Why “naming names” on Medium can be problematic…and what to do about it.

Georgia NeSmith
3 min readJul 22, 2021


In response to “Oops… I Need to Apologize For a Medium Transgression,” by Shannon Ashley

I think the biggest issue with “naming names” comes down to the nature of social media. Search engines make it so much easier to find and read something just by entering names into a search box. That makes it easy for those originally involved plus all their friends (both sides) to get caught up in an “e-war,” which can ultimately ruin an otherwise useful site.

I’m not suggesting Shannon Ashley was wrong for saying whatever she did about the men involved. And, having been the target of more than a few such arguments, I fully appreciate her concerns. However, I understand the reasons why Medium has the rules it has regarding this particular rule.

The goal is to prevent their platform from descending into massive versions of the old flame wars that ultimately sent members running rapidly away.

The unique “validity” of the objection comes down to the nature of internet communications. If we participate at all in internet activities, we are so much more easily found and read.

In the “olden days,” naming someone, say, in a feature article in a newspaper or magazine, would not so rapidly stir up the same level of intensity among massive audiences that grow at lightning speed. If we measure the significance of a flame war against real life bloody wars — where killing and maiming living, breathing people is the whole point — all that energy fighting “wordly” battles recedes into insignificance.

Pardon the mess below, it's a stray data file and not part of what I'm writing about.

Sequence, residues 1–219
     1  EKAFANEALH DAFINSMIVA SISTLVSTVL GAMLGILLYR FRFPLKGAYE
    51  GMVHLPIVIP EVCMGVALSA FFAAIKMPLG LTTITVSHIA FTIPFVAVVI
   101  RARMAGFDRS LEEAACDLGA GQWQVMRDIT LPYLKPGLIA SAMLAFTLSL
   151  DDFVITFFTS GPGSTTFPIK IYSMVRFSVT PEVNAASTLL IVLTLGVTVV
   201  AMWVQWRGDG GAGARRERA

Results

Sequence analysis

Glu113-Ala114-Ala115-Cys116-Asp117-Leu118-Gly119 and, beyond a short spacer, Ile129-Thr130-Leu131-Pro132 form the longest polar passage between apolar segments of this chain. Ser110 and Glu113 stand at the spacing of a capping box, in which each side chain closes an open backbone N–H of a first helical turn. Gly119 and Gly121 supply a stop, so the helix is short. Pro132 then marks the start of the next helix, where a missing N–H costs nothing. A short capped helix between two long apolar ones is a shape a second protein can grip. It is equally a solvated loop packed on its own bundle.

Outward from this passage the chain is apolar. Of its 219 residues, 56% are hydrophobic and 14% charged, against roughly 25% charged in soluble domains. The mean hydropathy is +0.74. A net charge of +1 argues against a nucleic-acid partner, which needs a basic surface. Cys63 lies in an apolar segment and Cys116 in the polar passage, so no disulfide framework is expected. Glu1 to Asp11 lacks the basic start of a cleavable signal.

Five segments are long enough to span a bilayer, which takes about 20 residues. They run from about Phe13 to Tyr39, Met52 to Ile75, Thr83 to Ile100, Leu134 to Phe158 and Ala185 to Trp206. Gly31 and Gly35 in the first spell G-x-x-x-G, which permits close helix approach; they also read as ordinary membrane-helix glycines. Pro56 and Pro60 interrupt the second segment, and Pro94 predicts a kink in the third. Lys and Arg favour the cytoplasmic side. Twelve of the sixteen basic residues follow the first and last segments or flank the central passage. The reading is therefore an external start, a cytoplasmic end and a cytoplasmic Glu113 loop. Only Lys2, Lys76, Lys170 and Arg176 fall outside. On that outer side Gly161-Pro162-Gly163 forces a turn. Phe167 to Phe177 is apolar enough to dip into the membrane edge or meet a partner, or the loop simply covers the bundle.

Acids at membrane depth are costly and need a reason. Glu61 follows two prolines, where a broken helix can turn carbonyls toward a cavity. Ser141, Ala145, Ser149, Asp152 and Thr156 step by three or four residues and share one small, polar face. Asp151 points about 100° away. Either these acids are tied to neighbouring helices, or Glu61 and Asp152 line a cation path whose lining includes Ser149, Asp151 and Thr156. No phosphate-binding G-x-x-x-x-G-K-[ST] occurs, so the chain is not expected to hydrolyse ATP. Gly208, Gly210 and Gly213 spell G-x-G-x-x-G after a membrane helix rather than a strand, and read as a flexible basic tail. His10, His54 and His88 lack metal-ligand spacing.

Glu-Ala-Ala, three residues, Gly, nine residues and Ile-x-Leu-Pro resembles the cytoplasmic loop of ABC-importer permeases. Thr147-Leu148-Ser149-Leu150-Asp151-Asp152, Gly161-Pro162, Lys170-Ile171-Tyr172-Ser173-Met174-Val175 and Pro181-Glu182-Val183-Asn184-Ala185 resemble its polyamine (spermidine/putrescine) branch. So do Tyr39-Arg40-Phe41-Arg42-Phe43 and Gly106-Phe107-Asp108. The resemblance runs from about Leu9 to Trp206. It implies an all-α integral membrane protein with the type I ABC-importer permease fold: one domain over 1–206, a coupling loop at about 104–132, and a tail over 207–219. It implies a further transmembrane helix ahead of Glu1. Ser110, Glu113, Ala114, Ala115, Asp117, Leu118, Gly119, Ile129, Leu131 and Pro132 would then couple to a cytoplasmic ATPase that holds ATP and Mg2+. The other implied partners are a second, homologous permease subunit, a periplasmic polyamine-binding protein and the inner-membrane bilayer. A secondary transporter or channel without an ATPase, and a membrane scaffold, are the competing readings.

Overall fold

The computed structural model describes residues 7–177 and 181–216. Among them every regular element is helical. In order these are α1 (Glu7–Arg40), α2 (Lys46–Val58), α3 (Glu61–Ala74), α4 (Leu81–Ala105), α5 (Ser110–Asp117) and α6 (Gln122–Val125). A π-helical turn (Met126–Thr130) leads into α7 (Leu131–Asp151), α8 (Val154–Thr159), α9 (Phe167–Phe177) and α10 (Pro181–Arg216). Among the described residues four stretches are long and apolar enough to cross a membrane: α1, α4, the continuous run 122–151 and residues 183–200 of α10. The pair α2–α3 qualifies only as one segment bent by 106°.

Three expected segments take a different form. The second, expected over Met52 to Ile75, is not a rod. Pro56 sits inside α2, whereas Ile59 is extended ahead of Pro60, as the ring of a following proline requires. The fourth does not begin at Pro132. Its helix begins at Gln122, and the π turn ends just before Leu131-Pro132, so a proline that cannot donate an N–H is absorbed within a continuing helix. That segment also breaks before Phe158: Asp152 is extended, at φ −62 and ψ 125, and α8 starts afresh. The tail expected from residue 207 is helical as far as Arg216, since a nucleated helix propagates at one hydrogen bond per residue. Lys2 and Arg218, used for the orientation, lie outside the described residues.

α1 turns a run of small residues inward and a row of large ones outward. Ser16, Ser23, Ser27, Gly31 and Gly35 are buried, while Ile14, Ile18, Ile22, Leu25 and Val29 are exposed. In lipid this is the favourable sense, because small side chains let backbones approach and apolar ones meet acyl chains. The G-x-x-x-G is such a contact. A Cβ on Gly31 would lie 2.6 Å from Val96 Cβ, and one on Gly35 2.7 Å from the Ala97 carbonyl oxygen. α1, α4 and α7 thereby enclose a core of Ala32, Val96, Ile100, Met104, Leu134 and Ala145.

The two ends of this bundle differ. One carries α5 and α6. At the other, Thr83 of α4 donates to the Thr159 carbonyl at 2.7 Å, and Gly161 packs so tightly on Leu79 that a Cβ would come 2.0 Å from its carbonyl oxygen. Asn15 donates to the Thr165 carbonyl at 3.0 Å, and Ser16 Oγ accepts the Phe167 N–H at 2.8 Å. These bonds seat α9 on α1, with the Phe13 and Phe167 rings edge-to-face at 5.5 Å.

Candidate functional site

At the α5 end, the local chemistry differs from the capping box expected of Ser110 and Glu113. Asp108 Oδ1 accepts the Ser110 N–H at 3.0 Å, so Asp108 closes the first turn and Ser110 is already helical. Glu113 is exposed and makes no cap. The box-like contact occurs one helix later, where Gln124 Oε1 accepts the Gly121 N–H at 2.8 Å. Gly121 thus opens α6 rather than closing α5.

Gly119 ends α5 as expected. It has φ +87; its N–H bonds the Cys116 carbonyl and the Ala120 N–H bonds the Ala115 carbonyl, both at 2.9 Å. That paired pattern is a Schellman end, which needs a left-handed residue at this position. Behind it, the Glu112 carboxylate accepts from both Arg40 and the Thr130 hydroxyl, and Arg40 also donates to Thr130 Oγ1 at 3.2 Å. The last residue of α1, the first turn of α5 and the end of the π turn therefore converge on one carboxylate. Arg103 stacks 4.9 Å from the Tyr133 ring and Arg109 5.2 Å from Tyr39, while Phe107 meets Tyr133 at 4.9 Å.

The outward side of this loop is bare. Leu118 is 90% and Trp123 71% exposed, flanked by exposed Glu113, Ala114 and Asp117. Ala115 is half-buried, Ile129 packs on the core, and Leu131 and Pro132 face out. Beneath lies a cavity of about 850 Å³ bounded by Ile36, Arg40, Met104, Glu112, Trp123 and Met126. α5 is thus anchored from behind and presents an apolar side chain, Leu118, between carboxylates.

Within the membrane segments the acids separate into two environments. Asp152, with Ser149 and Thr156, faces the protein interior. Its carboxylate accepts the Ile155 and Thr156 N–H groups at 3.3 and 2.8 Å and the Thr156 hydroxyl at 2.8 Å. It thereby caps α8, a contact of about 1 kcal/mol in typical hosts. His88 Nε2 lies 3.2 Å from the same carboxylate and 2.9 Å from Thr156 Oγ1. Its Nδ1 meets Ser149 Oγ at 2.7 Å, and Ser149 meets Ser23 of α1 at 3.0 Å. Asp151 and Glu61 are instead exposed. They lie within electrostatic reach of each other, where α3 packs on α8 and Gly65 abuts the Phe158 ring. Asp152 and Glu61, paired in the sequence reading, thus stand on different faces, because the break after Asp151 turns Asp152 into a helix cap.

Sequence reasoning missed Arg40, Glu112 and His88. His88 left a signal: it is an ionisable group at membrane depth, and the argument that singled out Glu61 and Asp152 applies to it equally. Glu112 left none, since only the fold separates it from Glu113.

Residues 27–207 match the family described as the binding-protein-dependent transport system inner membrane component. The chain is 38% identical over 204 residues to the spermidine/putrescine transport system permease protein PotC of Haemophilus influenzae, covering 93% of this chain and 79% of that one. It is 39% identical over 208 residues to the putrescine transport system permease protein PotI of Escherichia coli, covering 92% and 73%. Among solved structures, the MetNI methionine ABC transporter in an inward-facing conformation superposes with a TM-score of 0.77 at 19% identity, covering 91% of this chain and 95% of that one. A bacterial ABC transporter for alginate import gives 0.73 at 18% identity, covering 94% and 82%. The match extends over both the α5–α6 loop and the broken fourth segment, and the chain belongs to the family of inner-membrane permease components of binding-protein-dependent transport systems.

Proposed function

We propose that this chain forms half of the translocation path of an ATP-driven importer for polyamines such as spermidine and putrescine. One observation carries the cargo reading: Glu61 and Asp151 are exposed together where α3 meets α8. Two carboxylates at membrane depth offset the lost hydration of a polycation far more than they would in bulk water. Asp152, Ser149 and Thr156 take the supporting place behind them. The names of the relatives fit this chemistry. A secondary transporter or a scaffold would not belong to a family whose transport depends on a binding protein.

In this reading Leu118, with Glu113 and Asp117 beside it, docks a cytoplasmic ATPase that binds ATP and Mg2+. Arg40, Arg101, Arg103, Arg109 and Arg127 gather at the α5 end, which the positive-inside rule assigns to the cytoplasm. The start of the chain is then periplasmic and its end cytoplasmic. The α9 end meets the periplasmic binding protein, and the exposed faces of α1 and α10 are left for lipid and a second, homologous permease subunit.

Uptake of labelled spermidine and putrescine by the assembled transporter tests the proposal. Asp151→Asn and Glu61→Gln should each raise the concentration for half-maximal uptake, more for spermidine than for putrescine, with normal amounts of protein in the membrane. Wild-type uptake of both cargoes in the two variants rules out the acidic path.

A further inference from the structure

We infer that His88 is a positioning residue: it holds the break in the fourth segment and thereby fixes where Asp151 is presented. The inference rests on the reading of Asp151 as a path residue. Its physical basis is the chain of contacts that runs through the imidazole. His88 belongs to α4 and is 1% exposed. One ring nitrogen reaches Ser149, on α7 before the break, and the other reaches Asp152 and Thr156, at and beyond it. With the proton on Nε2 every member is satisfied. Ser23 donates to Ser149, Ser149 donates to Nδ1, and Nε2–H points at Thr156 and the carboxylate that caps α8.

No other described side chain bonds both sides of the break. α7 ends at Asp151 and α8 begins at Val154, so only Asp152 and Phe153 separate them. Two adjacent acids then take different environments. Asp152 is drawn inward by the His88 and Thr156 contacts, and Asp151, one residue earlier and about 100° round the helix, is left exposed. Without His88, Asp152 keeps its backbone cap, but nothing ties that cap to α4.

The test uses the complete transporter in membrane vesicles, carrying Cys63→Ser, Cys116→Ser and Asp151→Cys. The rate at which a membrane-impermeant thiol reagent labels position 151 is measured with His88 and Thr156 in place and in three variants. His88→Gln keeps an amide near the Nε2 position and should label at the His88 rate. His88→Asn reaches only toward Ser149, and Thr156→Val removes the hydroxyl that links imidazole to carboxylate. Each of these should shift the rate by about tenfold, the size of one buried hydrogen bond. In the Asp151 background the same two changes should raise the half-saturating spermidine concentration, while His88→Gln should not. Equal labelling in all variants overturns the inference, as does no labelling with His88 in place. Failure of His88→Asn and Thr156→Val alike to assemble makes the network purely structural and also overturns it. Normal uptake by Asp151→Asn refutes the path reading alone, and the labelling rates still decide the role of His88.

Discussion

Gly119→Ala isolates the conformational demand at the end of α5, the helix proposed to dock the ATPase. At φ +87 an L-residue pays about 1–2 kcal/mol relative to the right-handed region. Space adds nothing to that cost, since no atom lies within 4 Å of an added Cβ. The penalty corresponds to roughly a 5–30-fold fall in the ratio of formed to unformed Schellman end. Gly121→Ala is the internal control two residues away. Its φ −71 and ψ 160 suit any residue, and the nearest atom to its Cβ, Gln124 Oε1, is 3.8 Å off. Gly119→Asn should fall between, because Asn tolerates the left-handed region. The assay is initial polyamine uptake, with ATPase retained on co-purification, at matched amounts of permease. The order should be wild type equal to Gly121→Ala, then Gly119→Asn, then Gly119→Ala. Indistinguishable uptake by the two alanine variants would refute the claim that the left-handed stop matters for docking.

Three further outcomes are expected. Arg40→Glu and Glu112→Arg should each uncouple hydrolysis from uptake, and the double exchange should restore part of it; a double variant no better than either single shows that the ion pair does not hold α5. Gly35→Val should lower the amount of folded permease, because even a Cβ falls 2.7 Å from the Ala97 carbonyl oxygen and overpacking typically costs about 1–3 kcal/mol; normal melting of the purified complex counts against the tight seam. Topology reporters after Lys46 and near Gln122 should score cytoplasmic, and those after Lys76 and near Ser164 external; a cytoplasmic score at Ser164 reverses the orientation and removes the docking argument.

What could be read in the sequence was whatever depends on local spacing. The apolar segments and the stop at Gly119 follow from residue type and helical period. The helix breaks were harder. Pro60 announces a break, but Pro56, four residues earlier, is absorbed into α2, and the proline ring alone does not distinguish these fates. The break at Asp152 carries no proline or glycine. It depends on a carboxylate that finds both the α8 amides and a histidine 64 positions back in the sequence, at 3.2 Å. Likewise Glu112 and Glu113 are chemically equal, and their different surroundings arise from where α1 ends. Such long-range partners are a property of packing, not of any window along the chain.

Two main aspects of internet communication in contrast to more traditional means create this phenomenon: the search engine and the infinite space of the medium. These enable anyone to find and contact anyone with an internet presence.

Thus, each of us becomes a walking target for anyone eager to start ye olde “flame war.”

Photo by Gwendal BAR on Unsplash


I learned this the HARD way. The ultimate consequences of verbal wars are that that they tax our energies all out of proportion to…



Georgia NeSmith

Retired professor, feminist, writer, photographer, activist, grandmother of 5, overall Wise Woman. Phd UIA School of Journalism & Mass Communication, 1994.